Kinloch Forbes, an Assistant Judge at Ahmadabad took interest in the study of Gujarati language and history and secured the services of poet Dalpatram Dayabhai who collected old manuscripts and folk­songs and folk-tales. In 1848 Forbes founded at Ahmadabad the Gujarat Vernacular Society later named Gujarat Vidya Sabha and started the first Gujarat fortnightly called the Buddhiprakas. After his transfer to Surat he set up a similar society there and started a literary journal called Surat Samachar. Dalpatram’s zeal for social reforms found expression in his poems.

Some of his poems found place in the school text books and had an influence over the young minds for nearly forty years. His poem Hunnarkhanni Chadai (1850) dealt with the evil effects of modern industries on Indian crafts, and was regarded as the first expression of Swadeshi. Narmada Sankar Lal-shankar was the most outstanding literary figure of the second half of the nineteenth century.

His principal works are on Gujarati prosody, Gujarati figure of speech, Gujarati dictionary and a Dictionary my­thology. He is regarded as the father of modern Gujarati prose. The only other important prose writer of this period was Navalram Laksh- miram who was a friend of Narmada Shankar. Other important writers were Mahipatram Rupram Nandshankar Tuljashankar.

Marathi Literature

With the passing of the Peshwa’s kingdom into the hands of the British in the first quarter of the nineteenth century, a situation similar to that had developed in Bengal began to rise in ‘the Bombay Presidency and factors—political, social and economic began to operate as they did in Bengal. The Marathi language and literature began to be transformed in the way similar to that of Bengal.

Marathi literature in the eighteenth century and earlier was large­ly in verse expressing folk sentiments of love and heroism as well as conveying religious and moral teachings. A new literary deve­lopment began with Eknath and followed by writers like Tukaram, Mukteswar Ramdas etc. In the eighteenth century Marathi literature, mainly poetry, had two distinct divisions, one secular and the other reli­gious and classical.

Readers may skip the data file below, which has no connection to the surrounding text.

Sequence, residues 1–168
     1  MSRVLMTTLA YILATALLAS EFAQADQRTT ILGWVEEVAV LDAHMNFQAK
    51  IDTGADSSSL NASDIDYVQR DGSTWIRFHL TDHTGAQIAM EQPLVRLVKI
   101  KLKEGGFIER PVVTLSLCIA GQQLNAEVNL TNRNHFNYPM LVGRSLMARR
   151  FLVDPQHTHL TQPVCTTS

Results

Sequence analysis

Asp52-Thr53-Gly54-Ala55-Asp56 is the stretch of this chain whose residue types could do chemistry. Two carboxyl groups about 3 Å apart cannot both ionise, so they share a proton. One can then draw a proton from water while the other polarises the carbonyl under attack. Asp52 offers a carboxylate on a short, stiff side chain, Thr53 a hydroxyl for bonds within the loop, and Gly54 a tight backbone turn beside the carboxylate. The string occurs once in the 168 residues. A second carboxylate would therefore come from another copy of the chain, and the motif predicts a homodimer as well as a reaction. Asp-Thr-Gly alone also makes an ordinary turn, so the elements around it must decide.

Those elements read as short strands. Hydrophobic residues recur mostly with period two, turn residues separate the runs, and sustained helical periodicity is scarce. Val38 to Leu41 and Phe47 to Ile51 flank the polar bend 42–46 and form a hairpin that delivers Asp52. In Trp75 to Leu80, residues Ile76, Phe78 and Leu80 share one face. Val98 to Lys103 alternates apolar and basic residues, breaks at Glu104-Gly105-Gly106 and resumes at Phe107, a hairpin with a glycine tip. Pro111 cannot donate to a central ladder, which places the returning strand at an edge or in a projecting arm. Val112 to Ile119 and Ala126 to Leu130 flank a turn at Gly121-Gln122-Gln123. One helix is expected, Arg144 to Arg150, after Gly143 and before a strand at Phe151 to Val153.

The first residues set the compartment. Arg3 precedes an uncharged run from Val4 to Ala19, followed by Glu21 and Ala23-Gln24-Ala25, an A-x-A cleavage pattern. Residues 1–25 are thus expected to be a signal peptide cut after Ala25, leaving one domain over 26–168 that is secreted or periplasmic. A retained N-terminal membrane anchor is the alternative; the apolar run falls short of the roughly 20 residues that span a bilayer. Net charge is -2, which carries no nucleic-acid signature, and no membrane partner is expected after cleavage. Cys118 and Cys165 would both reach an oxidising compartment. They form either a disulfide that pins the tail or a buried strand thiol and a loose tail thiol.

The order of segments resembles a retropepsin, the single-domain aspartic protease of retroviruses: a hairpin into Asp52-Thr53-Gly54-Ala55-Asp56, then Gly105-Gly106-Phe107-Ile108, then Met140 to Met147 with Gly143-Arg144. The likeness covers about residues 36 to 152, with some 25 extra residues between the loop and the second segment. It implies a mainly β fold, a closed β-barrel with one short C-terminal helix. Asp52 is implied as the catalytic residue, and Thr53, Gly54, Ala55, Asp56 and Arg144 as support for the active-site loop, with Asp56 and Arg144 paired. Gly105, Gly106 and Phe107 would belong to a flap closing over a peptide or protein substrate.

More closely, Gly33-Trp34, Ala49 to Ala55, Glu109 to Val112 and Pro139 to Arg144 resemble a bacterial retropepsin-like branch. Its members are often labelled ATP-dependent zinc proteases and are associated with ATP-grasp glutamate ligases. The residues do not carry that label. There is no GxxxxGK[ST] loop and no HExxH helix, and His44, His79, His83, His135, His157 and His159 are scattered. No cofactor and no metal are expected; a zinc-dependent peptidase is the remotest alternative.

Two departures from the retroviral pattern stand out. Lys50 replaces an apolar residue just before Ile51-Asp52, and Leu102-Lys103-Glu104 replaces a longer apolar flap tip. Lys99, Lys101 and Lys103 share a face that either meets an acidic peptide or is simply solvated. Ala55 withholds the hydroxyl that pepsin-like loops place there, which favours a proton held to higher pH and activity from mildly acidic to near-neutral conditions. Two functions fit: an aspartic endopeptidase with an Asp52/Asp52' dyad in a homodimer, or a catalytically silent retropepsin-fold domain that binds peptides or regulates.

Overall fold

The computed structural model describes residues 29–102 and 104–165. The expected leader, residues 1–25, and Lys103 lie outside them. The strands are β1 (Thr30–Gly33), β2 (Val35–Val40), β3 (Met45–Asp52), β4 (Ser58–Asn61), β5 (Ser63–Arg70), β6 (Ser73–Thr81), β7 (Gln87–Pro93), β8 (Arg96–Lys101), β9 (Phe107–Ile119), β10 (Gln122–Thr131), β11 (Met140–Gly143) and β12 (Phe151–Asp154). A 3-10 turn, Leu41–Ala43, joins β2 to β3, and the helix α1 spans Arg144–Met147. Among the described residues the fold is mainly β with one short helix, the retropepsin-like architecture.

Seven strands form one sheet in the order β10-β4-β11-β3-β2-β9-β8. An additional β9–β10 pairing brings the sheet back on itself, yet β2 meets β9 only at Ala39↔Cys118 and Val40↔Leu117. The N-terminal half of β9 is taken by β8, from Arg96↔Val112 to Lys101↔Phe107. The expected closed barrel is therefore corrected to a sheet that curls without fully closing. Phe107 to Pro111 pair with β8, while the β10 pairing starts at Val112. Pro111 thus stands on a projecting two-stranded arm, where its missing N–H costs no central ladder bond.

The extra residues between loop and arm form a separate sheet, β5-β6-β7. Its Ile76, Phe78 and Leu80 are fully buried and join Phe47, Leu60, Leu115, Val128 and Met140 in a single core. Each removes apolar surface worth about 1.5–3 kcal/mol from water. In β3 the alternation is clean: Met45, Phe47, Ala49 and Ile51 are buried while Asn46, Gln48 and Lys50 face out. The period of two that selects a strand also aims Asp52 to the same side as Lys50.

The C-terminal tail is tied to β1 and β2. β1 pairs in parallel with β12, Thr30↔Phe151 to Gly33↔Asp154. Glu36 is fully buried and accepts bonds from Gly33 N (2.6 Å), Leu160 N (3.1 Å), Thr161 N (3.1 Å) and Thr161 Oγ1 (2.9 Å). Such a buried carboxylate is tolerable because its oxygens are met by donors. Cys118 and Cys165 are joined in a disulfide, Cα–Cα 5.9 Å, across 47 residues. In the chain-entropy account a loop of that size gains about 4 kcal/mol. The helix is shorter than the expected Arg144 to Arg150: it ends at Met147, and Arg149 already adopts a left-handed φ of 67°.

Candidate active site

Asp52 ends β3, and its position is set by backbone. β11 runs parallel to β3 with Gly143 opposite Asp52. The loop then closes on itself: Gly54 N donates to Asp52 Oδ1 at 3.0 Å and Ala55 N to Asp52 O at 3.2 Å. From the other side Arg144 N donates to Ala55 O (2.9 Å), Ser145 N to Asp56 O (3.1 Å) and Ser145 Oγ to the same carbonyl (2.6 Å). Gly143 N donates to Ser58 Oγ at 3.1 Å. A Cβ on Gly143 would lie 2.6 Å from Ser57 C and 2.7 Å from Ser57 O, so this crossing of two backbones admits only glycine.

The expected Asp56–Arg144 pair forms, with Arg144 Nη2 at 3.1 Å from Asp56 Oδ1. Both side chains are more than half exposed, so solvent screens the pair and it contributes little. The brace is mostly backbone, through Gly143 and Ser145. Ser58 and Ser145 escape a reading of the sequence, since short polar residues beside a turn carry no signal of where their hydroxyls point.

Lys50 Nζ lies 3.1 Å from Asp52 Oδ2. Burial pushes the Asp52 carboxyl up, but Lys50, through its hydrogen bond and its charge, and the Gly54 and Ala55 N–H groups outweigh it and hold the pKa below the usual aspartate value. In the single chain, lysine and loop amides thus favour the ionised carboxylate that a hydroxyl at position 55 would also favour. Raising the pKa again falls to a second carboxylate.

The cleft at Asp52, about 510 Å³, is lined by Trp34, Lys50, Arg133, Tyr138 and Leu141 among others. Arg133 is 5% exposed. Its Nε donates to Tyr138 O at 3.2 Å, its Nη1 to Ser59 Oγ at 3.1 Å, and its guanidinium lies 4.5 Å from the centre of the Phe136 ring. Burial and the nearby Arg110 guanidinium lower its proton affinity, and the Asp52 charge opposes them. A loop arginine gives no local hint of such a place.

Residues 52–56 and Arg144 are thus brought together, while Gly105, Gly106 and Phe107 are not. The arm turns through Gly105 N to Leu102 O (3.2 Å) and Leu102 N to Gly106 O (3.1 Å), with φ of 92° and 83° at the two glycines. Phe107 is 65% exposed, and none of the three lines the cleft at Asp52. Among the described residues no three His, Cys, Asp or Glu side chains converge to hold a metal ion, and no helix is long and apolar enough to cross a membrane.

In the secular literature were the love lyrics, histori­cal ballads etc. while in religious and classical group, composition in imitation of Ramayana and Mahabharata, legends of Puranas etc. appea­red. In prose there was not much excellence to start with and there were adaptations from Sanskrit fables and lores like Betal Panchaishi, Singhasan Battisi etc. Letters, despatches and official records cons­tituted the third form of prose.

The new trend in literature made its appearance from the begin­ning of the nineteenth century. The Christian missionaries were pioneers in the new Marathi language and literature and Carey pub­lished the first Marathi grammar with the help of Marathi Pandit Vaijnath in 1805. In 1814 the Serampore Press published the first Marathi book Singhasan Battisi. Under the patronage of Monstuart Elphinstone, the first governor of Bombay Presidency Bombay Na­tive Education Society was founded in 1920 which undertook preparation of text books in local vernacular. English treatises on sur­veying, mensuration, anatomy nosology and materia medica were tran­slated in Marathi.

School Book Society founded in 1822 encouraged production of books for schools boys as well as adults and Goldsmith’s History of Rome, Malcolm’s Persia, Wilk’s History of the Arabs and History of the Chinese, works on Physics, Chemistry, Ethics, History of Gujarat,  Orme’s Account of Hindusthan. Ain-i-Akbari, Sikandamama etc. were listed for translation by the Society. In this way the foundations of the new Maratha Prose were laid through which secular and scientific knowledge was propagated.